The Hmong do not live with other ethnic groups, but have their own, separate villages. Divination is used to determine the site of each new settlement. This ensures that the villagers will live in harmony with the spirits that surround them. A typical settlement contains from seven to fifty households arranged in a horseshoe pattern. The villages are preferably sheltered by the forest and situated near a good water source.
Within the village, the site for each house is chosen with great care, since the location must be acceptable to the ancestral spirits. Houses are usually built directly on the ground rather than on stilts. In some parts of China, the Hmong live in houses made of adobe or stone, similar to the homes of the Chinese. Poorer families construct their houses out of pieces of split bamboo and rough matting. Each home contains at least one altar for the ancestral spirits. Houses are never built in a way that would hinder a spirit from freely entering the door and going to the altar. Every house must face downhill, and no two houses may be in direct line with each other, since this might obstruct the pathway of the spirits.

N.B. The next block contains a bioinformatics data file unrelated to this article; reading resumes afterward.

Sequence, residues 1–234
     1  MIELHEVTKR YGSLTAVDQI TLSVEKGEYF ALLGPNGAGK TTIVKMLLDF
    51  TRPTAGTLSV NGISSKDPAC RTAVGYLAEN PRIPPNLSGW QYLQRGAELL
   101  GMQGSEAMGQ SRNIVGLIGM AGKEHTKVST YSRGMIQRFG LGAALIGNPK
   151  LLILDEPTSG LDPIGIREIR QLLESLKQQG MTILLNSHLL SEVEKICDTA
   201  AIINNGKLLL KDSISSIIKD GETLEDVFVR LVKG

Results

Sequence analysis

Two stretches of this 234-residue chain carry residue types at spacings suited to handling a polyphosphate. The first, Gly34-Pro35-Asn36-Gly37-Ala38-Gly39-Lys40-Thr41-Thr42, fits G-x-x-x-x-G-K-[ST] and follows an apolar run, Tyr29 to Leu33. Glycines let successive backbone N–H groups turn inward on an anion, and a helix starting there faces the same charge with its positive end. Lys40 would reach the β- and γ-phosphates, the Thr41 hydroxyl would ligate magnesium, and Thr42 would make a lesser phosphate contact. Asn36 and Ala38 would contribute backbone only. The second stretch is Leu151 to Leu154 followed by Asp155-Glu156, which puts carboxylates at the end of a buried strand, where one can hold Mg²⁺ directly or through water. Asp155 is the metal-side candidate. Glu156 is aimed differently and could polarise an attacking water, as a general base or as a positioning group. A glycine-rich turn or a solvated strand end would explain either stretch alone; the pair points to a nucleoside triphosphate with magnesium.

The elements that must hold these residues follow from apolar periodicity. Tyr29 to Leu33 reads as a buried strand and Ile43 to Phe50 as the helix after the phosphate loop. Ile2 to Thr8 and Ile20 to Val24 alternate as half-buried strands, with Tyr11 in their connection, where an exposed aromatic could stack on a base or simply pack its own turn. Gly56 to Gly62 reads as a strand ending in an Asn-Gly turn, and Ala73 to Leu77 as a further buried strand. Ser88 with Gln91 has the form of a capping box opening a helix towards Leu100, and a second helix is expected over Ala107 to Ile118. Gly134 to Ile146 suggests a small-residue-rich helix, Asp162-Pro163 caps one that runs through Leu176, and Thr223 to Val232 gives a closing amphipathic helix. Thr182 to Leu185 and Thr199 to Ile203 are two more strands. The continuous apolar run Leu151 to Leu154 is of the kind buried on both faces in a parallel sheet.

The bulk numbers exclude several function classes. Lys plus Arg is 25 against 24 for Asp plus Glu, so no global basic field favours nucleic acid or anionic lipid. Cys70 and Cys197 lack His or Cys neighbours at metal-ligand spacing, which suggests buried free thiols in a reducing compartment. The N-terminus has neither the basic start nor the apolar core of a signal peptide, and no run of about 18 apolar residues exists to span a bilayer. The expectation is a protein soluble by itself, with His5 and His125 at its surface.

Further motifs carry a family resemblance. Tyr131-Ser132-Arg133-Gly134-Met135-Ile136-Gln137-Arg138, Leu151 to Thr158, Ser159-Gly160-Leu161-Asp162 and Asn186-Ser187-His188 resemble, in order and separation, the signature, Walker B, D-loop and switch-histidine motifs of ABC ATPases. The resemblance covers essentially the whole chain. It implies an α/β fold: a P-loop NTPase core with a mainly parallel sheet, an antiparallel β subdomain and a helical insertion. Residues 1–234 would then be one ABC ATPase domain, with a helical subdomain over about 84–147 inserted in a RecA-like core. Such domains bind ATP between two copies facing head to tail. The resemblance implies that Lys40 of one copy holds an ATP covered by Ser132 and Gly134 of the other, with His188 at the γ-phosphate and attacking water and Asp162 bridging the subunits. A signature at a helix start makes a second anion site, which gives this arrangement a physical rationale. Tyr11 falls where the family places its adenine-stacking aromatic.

Hmong society is divided into a number of patrilineal clans, which means that the line of descent is traced through the males. These clans freely intermarry. Polygyny (having multiple wives) is permitted, although only the wealthiest men can afford to have second wives. Courtship is one of the main themes of the numerous Hmong festivals. Young couples often sing love songs to each other and exchange small gifts. Although arranged marriages are becoming more common, young people are still free to select their own mates. A newlywed couple usually lives with the groom's family until the birth of their first child. At that time, the young couple moves into their own home.